Friendship (“Let such pure hate still underprop…”)

By Henry D. Thoreau

“Friends, Romans, Countrymen, and Lovers.”

Let such pure hate still underprop
Our love, that we may be
Each other’s conscience,
And have our sympathy
Mainly from thence.

We’ll one another treat like gods,
And all the faith we have
In virtue and in truth, bestow
On either, and suspicion leave
To gods below.

Two solitary stars --
Unmeasured systems far
Between us roll,
But by our conscious light we are
Determined to one pole.

What need confound the sphere --
God can afford to wait,
For him no hour’s too late
That witnesseth our duty’s end,
Or to another doth beginning lend.

Love will subserve no use,
More than the tints of flowers,
Only the independent guest
Frequents its bowers,
Inherits its bequest.

No speech though kind has it,
But kinder silence doles
Unto its mates,
By night consoles,
By day congratulates.

What saith the tongue to tongue?
What heareth ear of ear?
By the decrees of fate
From year to year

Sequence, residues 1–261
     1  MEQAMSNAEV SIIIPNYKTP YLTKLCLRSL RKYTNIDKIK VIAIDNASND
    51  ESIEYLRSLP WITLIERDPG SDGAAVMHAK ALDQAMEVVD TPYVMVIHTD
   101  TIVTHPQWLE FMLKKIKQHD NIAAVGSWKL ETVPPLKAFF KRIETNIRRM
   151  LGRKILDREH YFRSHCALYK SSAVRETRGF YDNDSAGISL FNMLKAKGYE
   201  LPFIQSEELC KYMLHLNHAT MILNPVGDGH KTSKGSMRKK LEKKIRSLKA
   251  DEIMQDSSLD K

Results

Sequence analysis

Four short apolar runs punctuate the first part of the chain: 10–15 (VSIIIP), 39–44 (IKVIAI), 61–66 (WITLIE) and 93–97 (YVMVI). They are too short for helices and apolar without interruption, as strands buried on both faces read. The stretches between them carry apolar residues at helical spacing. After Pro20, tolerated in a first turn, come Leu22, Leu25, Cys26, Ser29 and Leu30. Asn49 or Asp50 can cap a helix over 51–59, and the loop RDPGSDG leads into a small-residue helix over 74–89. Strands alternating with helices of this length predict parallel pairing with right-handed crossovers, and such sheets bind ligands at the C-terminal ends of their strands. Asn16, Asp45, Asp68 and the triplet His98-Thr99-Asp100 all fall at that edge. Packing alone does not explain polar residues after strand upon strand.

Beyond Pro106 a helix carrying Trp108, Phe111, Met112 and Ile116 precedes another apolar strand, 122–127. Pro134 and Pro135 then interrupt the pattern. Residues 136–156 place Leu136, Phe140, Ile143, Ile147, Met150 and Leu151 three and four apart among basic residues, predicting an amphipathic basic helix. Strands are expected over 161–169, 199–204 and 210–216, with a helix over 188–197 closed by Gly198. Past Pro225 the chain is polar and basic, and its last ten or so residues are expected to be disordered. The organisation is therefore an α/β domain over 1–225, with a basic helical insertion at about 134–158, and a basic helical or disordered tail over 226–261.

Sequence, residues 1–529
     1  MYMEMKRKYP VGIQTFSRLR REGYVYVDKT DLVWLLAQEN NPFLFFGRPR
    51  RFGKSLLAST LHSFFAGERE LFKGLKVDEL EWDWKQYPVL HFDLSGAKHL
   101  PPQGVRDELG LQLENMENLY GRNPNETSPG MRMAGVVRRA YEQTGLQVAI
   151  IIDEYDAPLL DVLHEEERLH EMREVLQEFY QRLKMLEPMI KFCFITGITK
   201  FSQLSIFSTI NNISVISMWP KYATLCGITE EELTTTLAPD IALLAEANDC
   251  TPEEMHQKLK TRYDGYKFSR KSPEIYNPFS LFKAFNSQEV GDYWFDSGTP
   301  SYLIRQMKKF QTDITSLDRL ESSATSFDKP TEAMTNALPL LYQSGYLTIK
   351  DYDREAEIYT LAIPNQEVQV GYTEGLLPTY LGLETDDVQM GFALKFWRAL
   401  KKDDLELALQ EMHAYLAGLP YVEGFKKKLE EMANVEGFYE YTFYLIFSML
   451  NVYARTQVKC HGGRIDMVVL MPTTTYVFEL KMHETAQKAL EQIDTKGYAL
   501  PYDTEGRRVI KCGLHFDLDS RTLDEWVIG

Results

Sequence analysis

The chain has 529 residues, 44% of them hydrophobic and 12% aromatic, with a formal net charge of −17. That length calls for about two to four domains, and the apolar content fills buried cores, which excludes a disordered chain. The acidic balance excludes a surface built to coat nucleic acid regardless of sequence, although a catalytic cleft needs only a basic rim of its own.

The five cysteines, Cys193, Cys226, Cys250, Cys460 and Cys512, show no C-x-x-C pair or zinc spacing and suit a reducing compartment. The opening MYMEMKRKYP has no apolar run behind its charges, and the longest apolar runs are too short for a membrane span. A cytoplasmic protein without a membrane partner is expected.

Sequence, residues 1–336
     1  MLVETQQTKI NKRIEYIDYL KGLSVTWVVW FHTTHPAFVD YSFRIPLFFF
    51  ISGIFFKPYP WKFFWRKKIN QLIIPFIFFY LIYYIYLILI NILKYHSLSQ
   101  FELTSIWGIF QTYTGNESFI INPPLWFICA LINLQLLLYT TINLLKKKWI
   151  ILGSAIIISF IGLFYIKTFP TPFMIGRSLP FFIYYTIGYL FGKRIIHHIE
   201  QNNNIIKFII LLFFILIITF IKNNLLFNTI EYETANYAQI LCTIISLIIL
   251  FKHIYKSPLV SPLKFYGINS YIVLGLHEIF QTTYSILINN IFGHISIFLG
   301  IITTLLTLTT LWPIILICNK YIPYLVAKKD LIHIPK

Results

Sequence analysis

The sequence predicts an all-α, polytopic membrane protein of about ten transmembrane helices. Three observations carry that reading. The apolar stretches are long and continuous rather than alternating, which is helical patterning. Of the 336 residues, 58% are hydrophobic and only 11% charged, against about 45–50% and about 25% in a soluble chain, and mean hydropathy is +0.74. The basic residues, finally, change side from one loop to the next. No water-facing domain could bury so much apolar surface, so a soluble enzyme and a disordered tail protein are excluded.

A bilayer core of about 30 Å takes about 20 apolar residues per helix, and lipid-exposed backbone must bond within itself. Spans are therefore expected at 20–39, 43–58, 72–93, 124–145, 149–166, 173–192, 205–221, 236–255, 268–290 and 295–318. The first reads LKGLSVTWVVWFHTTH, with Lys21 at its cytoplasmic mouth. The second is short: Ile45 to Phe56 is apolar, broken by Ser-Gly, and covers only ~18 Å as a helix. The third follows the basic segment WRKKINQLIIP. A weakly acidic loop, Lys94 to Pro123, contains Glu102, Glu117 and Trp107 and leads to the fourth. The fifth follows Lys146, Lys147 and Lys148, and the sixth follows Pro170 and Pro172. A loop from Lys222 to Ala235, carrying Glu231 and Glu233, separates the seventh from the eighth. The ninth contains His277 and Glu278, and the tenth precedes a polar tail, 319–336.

Does it communicate.

Pathless the gulf of feeling yawns --
No trivial bridge of words,
Or arch of boldest span,
Can leap the moat that girds
The sincere man.

No show of bolts and bars
Can keep the foeman out,
Or ‘scape his secret mine
Who entered with the doubt
That drew the line.

No warden at the gate
Can let the friendly in,
But like the sun o’er all
He will the castle win,
And shine along the wall.

There’s nothing in the world I know
That can escape from love,
For every depth it goes below,
And every height above.

It waits as waits the sky,
Until the clouds go by,
Yet shines serenely on
With an eternal day,
Alike when they are gone,
And when they stay.

Implacable is Love—
Foes may be bought or teased
From their hostile intent,
But he goes unappeased
Who is on kindness bent.

Source: The Dial (October 1841) pp. 204-205